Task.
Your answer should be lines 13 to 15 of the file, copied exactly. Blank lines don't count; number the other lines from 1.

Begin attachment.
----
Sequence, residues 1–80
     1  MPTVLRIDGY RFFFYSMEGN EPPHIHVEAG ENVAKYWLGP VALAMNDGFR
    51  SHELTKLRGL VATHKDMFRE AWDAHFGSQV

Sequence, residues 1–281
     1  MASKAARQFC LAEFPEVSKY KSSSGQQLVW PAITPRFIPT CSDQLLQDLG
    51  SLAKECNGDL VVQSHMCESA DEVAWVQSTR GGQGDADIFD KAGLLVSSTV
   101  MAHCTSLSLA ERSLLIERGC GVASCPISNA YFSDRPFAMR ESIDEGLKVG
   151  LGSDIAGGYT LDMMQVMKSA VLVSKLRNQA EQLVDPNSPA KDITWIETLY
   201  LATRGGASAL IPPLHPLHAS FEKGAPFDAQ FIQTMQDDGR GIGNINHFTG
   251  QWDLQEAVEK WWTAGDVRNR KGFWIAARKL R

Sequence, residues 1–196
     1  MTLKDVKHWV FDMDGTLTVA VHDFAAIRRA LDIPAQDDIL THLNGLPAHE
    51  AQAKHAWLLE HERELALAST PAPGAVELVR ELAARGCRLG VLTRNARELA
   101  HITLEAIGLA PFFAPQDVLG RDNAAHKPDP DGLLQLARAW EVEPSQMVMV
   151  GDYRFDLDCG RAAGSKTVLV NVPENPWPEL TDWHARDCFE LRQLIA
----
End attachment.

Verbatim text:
    51  AQAKHAWLLE HERELALAST PAPGAVELVR ELAARGCRLG VLTRNARELA
   101  HITLEAIGLA PFFAPQDVLG RDNAAHKPDP DGLLQLARAW EVEPSQMVMV
   151  GDYRFDLDCG RAAGSKTVLV NVPENPWPEL TDWHARDCFE LRQLIA